Despite her own self-criticism, not everyone included in the book was pleased with which chapter they ended up in. One person who was disappointed, Salamon said, was Chip Raymond, president of the Citigroup Foundation, who oversees philanthropy at Citigroup, a major New York bank.

“I was trying to make the point that corporate giving could be seen as reluctant giving,” Salamon said, suggesting ulterior motives like public relations and the Community Reinvestment Act, a federal law that compels banks to help the neighborhoods they serve. “It was really to look at the various motivations for corporate giving, and I think Mr. Raymond took it as an out-and-out criticism, which it wasn’t supposed to be.”

Nevertheless, there are many important questions about charitable giving raised by Salamon’s exploration of Maimonides and contemporary American culture. What are the impulses that drive us to give charity? Why do some of us give more than others? What is the impact of the dollars we give? Who needs our help the most? What is the best way we can help someone in need?

Salamon hopes that by raising these questions, and offering some answers through the teachings of Maimonides, she can inspire her readers to recognize the myriad of opportunities to help that are out there.

“Goodness can’t be willed into being,” Salamon notes toward the conclusion of her book. “But it can be instilled — not by forcing employees to give, or by promising children better grades if they do good deeds, or by spending too much time analyzing whether the tithe should be taken before or after taxes. But simply by opening your eyes.”

Brian Mono is a former special projects editor at the Philadelphia Exponent.






Find us on Facebook!
  • Happy birthday Barbra Streisand! Our favorite Funny Girl turns 72 today.
  • Clueless parenting advice from the star of "Clueless."
  • Why won't the city give an answer?
  • BREAKING NEWS: Israel has officially suspended peace talks with the Palestinians.
  • Can you guess what the most boring job in the army is?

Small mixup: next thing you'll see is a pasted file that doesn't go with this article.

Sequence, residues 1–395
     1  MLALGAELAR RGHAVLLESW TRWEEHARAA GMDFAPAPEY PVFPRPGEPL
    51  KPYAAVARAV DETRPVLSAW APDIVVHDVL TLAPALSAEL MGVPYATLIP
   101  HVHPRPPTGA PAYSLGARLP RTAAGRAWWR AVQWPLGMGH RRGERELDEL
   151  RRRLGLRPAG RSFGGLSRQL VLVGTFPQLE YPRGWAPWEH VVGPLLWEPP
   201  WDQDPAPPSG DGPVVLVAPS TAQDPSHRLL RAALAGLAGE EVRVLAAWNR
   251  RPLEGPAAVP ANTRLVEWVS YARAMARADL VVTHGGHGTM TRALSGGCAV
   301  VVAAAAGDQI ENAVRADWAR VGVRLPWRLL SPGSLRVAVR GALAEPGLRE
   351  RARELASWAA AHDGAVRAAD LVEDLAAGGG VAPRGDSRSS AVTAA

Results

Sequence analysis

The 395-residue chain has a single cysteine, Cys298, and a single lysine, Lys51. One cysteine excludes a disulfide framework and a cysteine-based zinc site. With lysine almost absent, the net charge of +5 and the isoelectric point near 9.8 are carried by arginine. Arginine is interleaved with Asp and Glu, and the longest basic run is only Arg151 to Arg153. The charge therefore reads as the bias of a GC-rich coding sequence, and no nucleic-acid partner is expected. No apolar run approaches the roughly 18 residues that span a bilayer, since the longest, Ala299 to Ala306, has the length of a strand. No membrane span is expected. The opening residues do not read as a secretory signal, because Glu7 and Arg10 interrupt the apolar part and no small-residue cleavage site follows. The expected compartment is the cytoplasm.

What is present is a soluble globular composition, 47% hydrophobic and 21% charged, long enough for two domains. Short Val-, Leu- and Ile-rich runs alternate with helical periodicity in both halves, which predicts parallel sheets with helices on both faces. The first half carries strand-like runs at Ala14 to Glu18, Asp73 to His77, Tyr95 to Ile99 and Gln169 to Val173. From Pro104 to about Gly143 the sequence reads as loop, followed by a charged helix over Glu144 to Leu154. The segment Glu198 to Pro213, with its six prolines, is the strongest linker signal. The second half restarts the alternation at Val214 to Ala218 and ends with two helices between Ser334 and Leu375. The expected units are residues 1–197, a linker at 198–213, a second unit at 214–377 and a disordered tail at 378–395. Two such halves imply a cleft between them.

• What the foolish rabbi of Chelm teaches us about Israel and the Palestinian unity deal:
  • Mazel tov to Idina Menzel on making Variety "Power of Women" cover! http://jd.fo/f3Mms
  • "How much should I expect him and/or ask him to participate? Is it enough to have one parent reciting the prayers and observing the holidays?" What do you think?
  • New York and Montreal have been at odds for far too long. Stop the bagel wars, sign our bagel peace treaty!
  • Really, can you blame them?
  • “How I Stopped Hating Women of the Wall and Started Talking to My Mother.” Will you see it?
  • Taglit-Birthright Israel is redefining who they consider "Jewish" after a 17% drop in registration from 2011-2013. Is the "propaganda tag" keeping young people away?
  • Happy birthday William Shakespeare! Turns out, the Bard knew quite a bit about Jews.
  • Would you get to know racists on a first-name basis if you thought it might help you prevent them from going on rampages, like the recent shooting in Kansas City?
  • "You wouldn’t send someone for a math test without teaching them math." Why is sex ed still so taboo among religious Jews?
  • from-cache

Would you like to receive updates about new stories?




















We will not share your e-mail address or other personal information.

Already subscribed? Manage your subscription.